The role of conidia in the dispersal of Ascochyta rabiei

Abstract

Ascochyta rabiei asexual spores (conidia) were assumed to spread over short distances (~10 m) in a combination of rain and strong wind. The potential distance of conidial spread was investigated in three rainfall and three sprinkler irrigation events. Chickpea trap plants were distributed at the distances of 0, 10, 25, 50 and 75 m from infected chickpea plots before scheduled irrigation and forecast rainfall events. Trap plants were transferred to a controlled temperature room (20 °C) for 48 h (100% humidity) after being exposed in the field for 2–6 days for rainfall events, and for 1 day for irrigation events. After a 48 h incubation period, trap plants were transferred to a glasshouse (20 °C) to allow lesion development. Lesions on all plant parts were counted after 2 weeks, which gave an estimate of the number of conidia released and the distance travelled. Trap plants at all distances were infected in all sprinkler irrigation and rainfall events. The highest number of lesions on trap plants were recorded closest to the infected plots –the numbers decreased as the distance from the infected plots increased. There was a significant (p < 0.05) relationship between the amount of rainfall and the number of lesions recorded. A generalised additive model was developed that efficiently described spatial patterns of conidial spread. With further development, the model can be used to predict the spread of A. rabiei. This is the first systematic study to show that conidia distribute A. rabiei over longer distances than previously reported.

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Availability of data and material

The raw data are documented and available from https://doi.org/10.5281/zenodo.3842293. All raw and generated data and further associated materials have been made further available as a part of a research compendium, available from https://doi.org/10.5281/zenodo.3810826.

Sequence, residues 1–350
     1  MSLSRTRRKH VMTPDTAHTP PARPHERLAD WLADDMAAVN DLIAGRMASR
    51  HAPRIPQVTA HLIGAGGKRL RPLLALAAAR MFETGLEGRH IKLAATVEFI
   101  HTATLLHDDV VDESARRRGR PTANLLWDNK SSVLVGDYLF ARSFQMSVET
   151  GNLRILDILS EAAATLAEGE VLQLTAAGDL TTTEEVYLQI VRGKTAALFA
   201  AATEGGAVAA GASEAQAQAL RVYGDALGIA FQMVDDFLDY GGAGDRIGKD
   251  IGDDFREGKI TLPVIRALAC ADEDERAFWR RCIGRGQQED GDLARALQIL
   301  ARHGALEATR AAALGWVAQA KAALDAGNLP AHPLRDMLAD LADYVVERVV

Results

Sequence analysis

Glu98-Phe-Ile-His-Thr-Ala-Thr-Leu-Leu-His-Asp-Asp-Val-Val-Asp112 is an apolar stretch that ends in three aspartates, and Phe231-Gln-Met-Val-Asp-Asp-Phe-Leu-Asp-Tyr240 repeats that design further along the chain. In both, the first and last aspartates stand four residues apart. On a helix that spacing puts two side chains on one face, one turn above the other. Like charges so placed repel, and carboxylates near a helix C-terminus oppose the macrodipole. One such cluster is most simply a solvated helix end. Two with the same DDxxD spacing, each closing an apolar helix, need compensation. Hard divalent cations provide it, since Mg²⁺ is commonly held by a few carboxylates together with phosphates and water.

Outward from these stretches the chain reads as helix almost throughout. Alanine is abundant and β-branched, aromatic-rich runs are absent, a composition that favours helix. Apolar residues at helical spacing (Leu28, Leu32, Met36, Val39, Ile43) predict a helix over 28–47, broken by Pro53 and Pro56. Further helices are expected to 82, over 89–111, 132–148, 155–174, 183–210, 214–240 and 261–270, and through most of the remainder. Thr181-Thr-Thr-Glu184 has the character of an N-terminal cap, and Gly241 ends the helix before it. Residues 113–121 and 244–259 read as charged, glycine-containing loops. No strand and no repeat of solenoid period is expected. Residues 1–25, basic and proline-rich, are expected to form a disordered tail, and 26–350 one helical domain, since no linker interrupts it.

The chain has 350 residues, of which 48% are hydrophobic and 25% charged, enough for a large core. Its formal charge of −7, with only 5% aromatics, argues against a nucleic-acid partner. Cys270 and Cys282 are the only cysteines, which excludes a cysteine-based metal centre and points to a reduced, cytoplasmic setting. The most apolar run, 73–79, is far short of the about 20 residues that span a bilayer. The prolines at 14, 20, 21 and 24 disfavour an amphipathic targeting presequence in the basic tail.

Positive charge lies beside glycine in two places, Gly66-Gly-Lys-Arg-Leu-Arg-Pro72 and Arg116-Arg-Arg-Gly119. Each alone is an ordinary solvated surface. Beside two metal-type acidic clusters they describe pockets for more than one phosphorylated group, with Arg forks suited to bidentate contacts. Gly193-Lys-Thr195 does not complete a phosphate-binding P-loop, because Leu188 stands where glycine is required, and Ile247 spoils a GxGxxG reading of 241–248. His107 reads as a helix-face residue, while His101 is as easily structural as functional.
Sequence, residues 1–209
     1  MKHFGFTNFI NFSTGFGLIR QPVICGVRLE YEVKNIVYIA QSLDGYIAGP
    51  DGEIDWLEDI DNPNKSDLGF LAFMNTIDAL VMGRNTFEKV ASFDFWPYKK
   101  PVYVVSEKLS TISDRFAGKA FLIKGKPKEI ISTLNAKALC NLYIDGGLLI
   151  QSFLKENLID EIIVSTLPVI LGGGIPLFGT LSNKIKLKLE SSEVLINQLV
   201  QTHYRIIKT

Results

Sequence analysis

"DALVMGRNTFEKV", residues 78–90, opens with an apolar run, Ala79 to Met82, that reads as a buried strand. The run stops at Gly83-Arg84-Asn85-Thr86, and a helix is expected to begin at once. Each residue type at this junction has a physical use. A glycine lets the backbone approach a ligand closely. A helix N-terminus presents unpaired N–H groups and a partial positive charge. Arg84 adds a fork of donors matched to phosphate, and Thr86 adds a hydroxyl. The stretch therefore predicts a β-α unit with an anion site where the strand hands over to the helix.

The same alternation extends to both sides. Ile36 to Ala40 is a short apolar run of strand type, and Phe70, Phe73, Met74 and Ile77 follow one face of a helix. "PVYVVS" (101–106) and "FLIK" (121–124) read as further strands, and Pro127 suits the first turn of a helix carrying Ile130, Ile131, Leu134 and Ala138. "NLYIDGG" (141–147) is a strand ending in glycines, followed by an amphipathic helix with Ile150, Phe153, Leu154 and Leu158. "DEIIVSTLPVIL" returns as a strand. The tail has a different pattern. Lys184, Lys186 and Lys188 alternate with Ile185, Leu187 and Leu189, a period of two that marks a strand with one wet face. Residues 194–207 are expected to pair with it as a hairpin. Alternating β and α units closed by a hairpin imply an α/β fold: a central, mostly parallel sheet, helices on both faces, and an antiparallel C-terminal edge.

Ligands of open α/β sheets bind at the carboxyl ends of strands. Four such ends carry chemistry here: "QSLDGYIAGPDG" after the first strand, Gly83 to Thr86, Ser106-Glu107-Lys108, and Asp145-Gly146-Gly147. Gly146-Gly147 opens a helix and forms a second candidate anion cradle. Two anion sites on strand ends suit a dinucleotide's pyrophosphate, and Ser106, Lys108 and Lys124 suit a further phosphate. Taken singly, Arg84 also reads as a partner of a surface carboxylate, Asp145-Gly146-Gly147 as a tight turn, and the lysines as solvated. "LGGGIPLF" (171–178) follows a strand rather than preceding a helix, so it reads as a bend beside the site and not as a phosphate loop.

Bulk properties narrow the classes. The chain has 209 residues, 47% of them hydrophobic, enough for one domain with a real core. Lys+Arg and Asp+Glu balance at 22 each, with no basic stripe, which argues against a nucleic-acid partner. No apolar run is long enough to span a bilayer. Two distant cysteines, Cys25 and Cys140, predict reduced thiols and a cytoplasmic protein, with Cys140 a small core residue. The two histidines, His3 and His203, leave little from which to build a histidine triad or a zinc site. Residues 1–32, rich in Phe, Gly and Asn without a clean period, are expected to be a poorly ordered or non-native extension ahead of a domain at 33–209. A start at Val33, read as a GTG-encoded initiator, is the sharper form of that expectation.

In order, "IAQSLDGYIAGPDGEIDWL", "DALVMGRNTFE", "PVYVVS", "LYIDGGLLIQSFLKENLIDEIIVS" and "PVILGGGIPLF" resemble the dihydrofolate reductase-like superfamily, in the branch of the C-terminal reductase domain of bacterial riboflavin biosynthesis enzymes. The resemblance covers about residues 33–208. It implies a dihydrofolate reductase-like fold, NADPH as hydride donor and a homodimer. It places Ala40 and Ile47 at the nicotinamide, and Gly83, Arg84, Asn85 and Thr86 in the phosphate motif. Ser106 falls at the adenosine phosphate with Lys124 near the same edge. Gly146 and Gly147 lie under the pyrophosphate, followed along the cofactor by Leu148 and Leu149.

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Acknowledgements

Grains Research and Development Corporation (GRDC), Australia, provided financial assistance in this work through the project USQ-1903-003RTX. Agriculture Victoria and GRDC provided financial assistance in this work through their co-investment projects DAV00150 and DJP1097-001RTX.

We thankfully acknowledge Jason Brand and his team for trial sites management. We thank Andrew Hallet for technical support and assistance with field work. We also thank Art Diggle for detailed discussions.

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Correspondence to Ihsanul Khaliq.

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All code used in the analyses and data visualisation have been made available as a research compendium, available from https://doi.org/10.5281/zenodo.3810826.

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Khaliq, I., Fanning, J., Melloy, P. et al. The role of conidia in the dispersal of Ascochyta rabiei. Eur J Plant Pathol 158, 911–924 (2020). https://doi.org/10.1007/s10658-020-02126-2

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Keywords

  • Ascochyta blight
  • Epidemiology
  • Conidial spread
  • Wind-driven rain
  • Chickpea
  • Sprinkler irrigation